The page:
Students learn about civil rights struggles

SPINDALE — A life-changing trip was the highlight of the semester for a group of Isothermal’s Uncommon Leaders.

“I refuse to be a stereotype. I will be better than people think I can be or should be,” said Marquise Hill upon his return from the journey to the heart of the Deep South to visit several important civil rights sites and to meet some notable people engaged in those struggles.

Hill was joined by his fellow Isothermal students, Stephen Hargro, Tremaine Stewart, Tyrell Peeler, Isaiah Mills and Noah Hipp. They were accompanied by Ken Hines, the coordinator of the Uncommon Leaders program, and Sandy Lackner, Isothermal’s dean of Student Services.

The trip was organized Steve Hunt, executive director of the Multicultural Office at Catawba Valley Community College, and Bill Jordan, vice president of the North Carolina Chapter on Black American Affairs. Joining the students from Isothermal and CVCC were students from Bladen Community College and Davidson County Community College.

The five-day bus trip that ran from Feb. 27 to March 3 started in Hickory and hit all of Alabama’s major civil rights sites in Tuskeegee, Selma, Montgomery and Birmingham.

One of the first stops was at the Tuskeegee History Center, where the students met Civil Rights attorney Fred Gray who shared stories of his work integrating schools throughout Alabama. Gray told the students of how he fought for basic human rights including the right to vote, the right to serve on a jury, the right to serve in all branches of the military, and the right to public education.

“How could you be satisfied learning about all of this from a textbook,” asked Hargro, a Mechanical Engineering student, when the group sat down to talk about the trip upon it return.

Perhaps the visit with the greatest impact on the students was to the National Memorial for Peace and Justice in Montgomery. The site is dedicated to the “legacy of enslaved black people, people terrorized by lynching, African Americans humiliated by racial segregation and Jim Crow, and people of color burdened with contemporary presumptions of guilt and police violence.”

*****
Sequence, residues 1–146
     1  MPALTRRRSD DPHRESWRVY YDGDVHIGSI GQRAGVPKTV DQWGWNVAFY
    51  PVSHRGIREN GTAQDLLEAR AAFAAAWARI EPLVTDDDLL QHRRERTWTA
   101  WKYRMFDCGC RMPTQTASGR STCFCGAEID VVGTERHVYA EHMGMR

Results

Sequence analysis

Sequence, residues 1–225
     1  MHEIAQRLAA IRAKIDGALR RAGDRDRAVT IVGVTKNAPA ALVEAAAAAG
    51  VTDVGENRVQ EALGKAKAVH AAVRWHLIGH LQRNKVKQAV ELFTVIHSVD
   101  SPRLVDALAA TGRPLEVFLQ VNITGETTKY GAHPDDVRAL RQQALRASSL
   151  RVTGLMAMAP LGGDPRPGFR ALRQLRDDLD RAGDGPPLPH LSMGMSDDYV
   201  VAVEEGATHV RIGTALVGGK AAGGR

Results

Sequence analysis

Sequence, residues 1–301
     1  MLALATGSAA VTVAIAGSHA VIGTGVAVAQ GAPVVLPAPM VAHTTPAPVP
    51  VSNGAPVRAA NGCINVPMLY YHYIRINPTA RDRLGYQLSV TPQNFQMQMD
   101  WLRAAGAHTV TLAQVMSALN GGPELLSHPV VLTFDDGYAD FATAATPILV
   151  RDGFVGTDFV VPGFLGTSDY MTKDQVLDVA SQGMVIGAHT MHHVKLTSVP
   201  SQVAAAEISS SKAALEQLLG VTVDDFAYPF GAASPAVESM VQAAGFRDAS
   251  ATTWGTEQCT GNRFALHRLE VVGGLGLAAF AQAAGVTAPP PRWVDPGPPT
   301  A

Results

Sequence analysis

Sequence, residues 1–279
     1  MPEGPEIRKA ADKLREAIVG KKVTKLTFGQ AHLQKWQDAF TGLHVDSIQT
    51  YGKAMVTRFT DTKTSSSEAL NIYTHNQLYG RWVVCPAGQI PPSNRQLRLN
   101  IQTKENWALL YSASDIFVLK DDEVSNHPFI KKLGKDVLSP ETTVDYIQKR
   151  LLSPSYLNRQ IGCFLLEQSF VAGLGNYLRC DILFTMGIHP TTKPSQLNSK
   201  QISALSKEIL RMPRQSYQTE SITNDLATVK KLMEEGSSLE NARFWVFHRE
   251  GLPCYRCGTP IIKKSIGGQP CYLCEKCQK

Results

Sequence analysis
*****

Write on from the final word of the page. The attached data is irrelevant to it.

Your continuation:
Part of the memorial includes tributes to approximately 4,400 documented cases of lynchings of black people in the United States between 1877 and 1950.

One of those cases was a man from Rutherford County, Avery Mills who was shot to death by mob on Aug. 28, 1900. Another was a Polk County man, Dick Wofford who was killed on Nov. 22, 1894.

Since the trip, one of the participants, Isaiah Mills, has confirmed that Avery Mills was one of his ancestors.

“What did they do to get lynched,” wondered Stewart. “Can you imagine? That kind of anger and sadness can motivate you to never let anything like that happen again.”

Stewart said the story of the lynching of a Missouri man provided a powerful lesson of the horror of that period for some people.

“The mob sold popcorn and drinks,” said Stewart. “They hung him and afterwards they counted 2,000 bullet holes in him where people shot him before the rope broke.”

The students also visited sites including the Rosa Parks Museum, the Sothern Poverty Law Center, the Birmingham Civil Rights Museum and the Sixteenth Street Baptist Church.

Along the way, they met dozens of civil rights activists who shared so many stories. These included people like Joanna Bland and Willie Ricks aka Mukasa Dada, the Black Panther who coined the term, “Black Power.”

The students also saw a one-woman play, “Daughter of the Struggle.” It was written and performed by Ayanna Gregory, the daughter of renowned freedom fighter and activist Dick Gregory.

A major highlight of the trip was participating in a voting rights march at the Edmund Pettus Bridge in Selma on the 54th anniversary of the Bloody Sunday March.

That morning, dozens of high profile candidates and political activists including Cory Booker, Hillary Clinton, Bernie Sanders and Jessie Jackson headed up the crowd at the march. The Isothermal group found itself very close to the lead group and the students were surprised at the media attention.

“The experience of the march was almost overshadowed by all of the commotion around those candidates,” said Hargro.

Beyond the distraction though, Stewart said, once the march began with a prayer and a woman’s soulful singing, it gave him “cold chills.”

The trip had some lighter moments as well. The group enjoyed a meal at Chris’s Diner in Montgomery. The restaurant, which opened in 1917, was the first place in the city to serve blacks. The owners were also friends with Martin Luther King, Jr., who ate there frequently. The students met the original owner’s grandson and said the food was great.

As the powerful tour came to a close, the group reflected on what the experience meant to them.

“We really started talking about change,” said Peeler, “and how we can work to make things better here at home.”

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